I got to know Gene Smith more than 20 years ago when he was the athletic director at Eastern Michigan and I covered his sports teams as a writer for The Detroit News.
Smith had inherited a downtrodden sports department, one on the brink of being booted out of the Mid-American Conference. Using his sharp mind, engaging personality and political savvy, he rescued the program by hiring coaches who were as sharp, personable and as savvy as he was.
It didn’t take a Mensa scholar to discern that Smith wasn’t long for Ypsilanti and a second-tier program like EMU. He bounced quickly—on to higher ground before landing in one of the most prized athletic departments in intercollegiate sports: Ohio State.
He got there because he was smart and savvy. He got there because he avoided the missteps that can rock the foundation of an institution.
As an Ohio State alum, I applauded his hiring. I saw no reason Smith wouldn’t continue to make the proper moves. For with experience comes wisdom, and Smith had plenty of the former when he arrived in Columbus, Ohio.
Apparently, however, Smith didn’t learn as much as I thought he did. If he had, he would fire Jim Tressel as Ohio State football coach. For how much more embarrassment must alums and fans suffer as more allegations emerge about Tressel, Terrelle Pryor and those damned tattoos?
Tressel’s duplicity undermines all Smith and the department he lords over stand for.
Forget about the games and Big Ten titles that Tressel won. His task wasn’t Herculean with the deep pool of talent he had to recruit from. Tressel was expected to win—and beat Michigan like a snare drum—when he took the job.
What he wasn’t supposed to do was bend the rules and then lie about doing so. Tressel was entrusted to maintain the university’s integrity, even if it meant winning one or two fewer games each season.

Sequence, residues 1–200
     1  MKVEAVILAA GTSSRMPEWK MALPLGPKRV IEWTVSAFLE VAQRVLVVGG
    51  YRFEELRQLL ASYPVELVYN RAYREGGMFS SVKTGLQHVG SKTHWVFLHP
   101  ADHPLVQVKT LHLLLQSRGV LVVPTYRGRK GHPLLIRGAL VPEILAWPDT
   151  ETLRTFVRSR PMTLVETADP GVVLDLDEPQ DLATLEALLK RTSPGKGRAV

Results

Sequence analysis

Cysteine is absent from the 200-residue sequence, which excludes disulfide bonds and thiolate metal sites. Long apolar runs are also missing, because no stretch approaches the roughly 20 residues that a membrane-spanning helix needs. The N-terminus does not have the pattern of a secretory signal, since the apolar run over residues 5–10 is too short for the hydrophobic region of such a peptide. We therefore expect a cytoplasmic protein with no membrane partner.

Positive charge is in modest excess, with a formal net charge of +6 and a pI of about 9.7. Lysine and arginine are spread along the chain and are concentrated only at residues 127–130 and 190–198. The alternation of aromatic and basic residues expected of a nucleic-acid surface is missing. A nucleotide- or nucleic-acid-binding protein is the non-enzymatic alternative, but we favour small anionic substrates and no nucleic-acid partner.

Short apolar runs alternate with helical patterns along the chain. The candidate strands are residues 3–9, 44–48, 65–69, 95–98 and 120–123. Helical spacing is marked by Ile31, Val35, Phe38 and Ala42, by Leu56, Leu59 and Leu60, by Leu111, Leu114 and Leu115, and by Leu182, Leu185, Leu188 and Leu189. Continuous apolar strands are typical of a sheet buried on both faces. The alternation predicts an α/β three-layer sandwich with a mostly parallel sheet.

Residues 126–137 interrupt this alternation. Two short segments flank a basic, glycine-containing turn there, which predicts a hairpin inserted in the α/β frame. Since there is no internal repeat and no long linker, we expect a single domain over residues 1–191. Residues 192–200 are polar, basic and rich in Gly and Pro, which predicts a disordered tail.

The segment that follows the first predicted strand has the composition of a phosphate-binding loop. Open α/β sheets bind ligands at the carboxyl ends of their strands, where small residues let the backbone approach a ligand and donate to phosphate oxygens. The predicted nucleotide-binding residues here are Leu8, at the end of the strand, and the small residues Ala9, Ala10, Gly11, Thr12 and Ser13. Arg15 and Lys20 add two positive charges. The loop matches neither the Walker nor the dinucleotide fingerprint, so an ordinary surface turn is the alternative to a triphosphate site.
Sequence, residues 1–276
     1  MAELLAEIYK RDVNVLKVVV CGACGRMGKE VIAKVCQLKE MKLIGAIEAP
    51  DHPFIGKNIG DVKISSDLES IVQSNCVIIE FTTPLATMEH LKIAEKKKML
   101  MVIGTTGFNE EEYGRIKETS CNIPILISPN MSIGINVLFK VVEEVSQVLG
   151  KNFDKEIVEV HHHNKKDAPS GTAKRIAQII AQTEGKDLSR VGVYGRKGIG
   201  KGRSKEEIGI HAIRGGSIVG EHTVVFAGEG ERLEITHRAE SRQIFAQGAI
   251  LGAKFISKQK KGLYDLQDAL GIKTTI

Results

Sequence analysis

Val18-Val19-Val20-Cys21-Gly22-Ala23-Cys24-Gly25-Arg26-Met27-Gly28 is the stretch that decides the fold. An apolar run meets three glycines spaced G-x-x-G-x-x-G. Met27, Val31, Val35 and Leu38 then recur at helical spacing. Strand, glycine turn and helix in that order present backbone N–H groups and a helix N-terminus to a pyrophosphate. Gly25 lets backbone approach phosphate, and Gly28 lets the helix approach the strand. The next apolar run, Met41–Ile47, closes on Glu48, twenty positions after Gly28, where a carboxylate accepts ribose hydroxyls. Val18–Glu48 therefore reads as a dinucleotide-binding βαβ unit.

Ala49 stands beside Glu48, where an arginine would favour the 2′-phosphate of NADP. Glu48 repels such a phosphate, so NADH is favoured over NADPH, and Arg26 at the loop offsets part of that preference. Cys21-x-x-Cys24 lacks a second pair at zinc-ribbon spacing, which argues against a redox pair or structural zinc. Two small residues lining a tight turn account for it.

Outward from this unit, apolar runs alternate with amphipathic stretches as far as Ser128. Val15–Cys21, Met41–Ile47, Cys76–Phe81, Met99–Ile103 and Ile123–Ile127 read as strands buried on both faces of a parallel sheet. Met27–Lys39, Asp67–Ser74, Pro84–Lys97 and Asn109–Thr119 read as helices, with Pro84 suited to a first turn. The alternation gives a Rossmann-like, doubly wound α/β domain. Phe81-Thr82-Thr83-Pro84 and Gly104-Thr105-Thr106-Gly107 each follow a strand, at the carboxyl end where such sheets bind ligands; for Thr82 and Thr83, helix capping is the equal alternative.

Smith’s job was to make certain Tressel and other OSU coaches won within the rules. Smith was the hammer that kept wrongdoing from creeping into the sports programs.
He’s failing at his task.
The good work Smith had done to ensure the Athletic Department had money and that teams won is unraveling like a spool of yarn as the coach he so steadfastly supports proves unworthy of that support.
Tressel, whose red vest has come to personify OSU sports, is a liar and a cheat. Worse, he’s sullying the image of a great university, dragging Ohio State through the tar pits. The Scarlet and Gray grows blacker and bluer.
“Tattoo-Gate,” as the Tressel incident has come to be known, lives on, even after the press conference that Smith and university President Gordon Gee held to quiet its uproar. More stories are coming out about the football program and the wrongs under Tressel’s watch.
Nothing more needed to happen for Smith to have made the smart choice a few weeks ago. He didn’t. Now, in the face of additional reports, he has but one option: to distance the university from Tressel and his boldfaced lies.
During times that try a man’s soul, bold leadership is needed. Bold leadership is what Smith had shown in past years he was capable of providing. But in the most unsettling time of his career as an administrator, he hasn’t proved up to task. He has lacked the necessities for his job just as Tressel lacked the necessities for his.
In the end, Smith’s failure to take a bold stance against a rogue coach is costing Ohio State University more than money and won games; it’s costing the university its integrity.
Perhaps at Eastern Michigan, integrity can be bartered like Pryor did his football memorabilia, but if Smith thinks so here, he best return to the insular world of MAC football and let somebody else guide Tattoo U through this public humiliation.